COMMITTEE LOOKS AT ELECTION SECURITY
(AUSTIN) -- With the general election only a few weeks away, the Senate State Affairs Committee heard testimony Wednesday related to the security of elections conducted in Texas. Following passage of the Help America Vote Act (HAVA) in 2002, all polling places in the US are required to offer electronic voting options at elections. State officials testified that the Texas election process is secure and efficient, but later testimony warned of possible gaps in election security.
Ann McGeehan, director of the Elections Division Office for the Secretary of State, testified that there has never been a documented case of voting system manipulation in Texas. Her office has approved three different companies that make electronic voting machines for use in the state, and sets standards for chain-of-custody of voting data, testing of machines and disaster recovery of ballots. Most of the work of preserving the fairness of the electoral process, she said, falls to county elections officials.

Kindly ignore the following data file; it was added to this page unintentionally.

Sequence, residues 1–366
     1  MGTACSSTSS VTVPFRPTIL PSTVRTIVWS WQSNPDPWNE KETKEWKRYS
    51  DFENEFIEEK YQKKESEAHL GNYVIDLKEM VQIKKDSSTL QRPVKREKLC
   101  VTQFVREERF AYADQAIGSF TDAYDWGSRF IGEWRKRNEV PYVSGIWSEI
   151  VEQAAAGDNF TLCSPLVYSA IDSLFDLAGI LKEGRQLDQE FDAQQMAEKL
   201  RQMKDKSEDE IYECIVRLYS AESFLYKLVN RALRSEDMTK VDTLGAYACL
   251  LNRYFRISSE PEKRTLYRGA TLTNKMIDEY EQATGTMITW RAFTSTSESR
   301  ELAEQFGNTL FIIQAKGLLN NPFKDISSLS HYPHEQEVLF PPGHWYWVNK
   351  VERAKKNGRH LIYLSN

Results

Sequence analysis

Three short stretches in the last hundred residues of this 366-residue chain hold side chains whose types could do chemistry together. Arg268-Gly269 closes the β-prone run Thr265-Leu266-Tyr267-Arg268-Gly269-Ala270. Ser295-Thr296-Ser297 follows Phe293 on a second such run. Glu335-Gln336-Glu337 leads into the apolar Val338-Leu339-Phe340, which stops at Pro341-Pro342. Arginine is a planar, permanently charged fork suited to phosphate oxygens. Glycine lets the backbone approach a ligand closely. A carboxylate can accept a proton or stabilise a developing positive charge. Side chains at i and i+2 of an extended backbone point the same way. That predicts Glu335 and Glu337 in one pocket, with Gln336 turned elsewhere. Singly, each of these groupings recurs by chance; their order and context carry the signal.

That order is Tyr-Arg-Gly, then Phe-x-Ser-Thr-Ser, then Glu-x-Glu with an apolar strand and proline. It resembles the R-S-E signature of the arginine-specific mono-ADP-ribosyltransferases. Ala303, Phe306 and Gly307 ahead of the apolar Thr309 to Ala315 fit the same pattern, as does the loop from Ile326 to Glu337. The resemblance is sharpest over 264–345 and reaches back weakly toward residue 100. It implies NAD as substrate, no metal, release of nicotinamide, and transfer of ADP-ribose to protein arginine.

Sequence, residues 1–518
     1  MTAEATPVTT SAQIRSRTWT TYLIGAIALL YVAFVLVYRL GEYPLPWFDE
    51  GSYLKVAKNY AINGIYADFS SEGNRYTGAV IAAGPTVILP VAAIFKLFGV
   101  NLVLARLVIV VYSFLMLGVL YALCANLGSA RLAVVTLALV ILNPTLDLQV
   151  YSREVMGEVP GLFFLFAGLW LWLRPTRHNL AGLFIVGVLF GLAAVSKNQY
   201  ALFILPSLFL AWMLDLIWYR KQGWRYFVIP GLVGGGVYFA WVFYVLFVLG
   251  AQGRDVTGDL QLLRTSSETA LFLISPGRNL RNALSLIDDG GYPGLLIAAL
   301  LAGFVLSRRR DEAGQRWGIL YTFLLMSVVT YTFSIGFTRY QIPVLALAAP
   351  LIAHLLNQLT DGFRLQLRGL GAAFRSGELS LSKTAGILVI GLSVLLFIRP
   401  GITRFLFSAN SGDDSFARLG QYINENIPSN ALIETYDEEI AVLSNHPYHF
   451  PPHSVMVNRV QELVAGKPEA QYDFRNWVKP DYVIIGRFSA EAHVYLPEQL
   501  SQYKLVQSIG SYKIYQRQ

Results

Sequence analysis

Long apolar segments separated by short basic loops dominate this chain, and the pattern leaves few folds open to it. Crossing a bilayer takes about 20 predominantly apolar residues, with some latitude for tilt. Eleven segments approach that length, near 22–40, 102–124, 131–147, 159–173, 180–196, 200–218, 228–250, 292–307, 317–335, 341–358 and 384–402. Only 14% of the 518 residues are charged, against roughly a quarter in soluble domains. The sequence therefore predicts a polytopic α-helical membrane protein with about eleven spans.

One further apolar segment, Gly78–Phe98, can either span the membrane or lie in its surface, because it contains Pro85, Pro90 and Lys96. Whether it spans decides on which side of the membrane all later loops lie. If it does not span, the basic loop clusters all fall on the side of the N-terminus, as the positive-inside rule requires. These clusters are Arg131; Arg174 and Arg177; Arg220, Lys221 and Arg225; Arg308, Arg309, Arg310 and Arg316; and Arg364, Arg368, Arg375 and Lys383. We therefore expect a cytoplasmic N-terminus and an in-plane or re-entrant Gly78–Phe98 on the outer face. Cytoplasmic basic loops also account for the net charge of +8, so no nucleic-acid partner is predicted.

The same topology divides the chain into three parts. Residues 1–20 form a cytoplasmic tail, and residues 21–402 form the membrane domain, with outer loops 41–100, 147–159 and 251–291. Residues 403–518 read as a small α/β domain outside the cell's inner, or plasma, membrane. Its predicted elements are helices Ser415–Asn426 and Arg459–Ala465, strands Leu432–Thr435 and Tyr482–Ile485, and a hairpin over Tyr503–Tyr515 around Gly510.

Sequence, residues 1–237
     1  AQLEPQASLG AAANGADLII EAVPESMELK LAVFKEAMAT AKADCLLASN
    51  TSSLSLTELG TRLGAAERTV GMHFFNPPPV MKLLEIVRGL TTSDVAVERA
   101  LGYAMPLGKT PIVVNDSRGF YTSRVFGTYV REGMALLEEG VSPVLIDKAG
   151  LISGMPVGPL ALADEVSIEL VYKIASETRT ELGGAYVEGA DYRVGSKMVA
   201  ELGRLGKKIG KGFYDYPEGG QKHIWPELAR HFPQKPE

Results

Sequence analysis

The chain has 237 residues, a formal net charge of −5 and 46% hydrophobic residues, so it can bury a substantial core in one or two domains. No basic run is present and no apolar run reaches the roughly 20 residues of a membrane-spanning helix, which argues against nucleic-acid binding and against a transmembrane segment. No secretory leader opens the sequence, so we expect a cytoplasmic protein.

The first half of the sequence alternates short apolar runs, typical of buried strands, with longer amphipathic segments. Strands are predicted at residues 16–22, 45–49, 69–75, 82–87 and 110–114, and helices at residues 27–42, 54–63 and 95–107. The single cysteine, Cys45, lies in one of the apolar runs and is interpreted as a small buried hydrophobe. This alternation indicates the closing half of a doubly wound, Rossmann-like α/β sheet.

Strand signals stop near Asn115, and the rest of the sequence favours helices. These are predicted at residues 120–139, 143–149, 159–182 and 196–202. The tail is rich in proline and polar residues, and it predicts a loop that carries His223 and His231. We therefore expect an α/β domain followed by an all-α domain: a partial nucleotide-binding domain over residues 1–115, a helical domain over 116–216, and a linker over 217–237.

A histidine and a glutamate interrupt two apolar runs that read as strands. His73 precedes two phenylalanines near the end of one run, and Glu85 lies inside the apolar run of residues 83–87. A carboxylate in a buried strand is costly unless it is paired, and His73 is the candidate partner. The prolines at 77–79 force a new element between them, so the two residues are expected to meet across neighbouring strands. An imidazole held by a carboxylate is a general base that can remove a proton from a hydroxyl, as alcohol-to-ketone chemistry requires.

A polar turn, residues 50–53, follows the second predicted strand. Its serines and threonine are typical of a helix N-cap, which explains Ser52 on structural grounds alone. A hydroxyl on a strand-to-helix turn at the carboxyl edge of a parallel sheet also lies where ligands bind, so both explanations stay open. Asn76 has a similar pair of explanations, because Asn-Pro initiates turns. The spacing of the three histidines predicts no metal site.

There have only been a handful of prosecutions for election related crime in Texas; 28 since 2005, according to Deputy Attorney General for Criminal Justice Eric Nichols. While there have been instances of people trying to cast votes for others, Nichols said there is no evidence of manipulation of electronic voting machines.
Later testimony cast doubt on the security of electronic voting machines. Dr. Dan Wallach, a professor of computer science at Rice University, called these machines "amazingly insecure". The machines are easy to tamper with, he said, and tampering with one machine can compromise every machine in a given jurisdiction. One recommendation he offered was following the lead of states like California and Ohio, and reducing the number of electronic voting machines in favor of traditional paper ballots.
The Senate State Affairs Committee is chaired by Senator Robert Duncan of Lubbock and vice-chaired by Senator Tommy Williams of the Woodlands. It consists of Senators Leticia Van De Putte, Chris Harris, Eddie Lucio, Jr, Mike Jackson, Rodney Ellis, John Carona and Troy Fraser.
Session video and all other webcast recordings can be accessed from the Senate website's audio and video archive pages.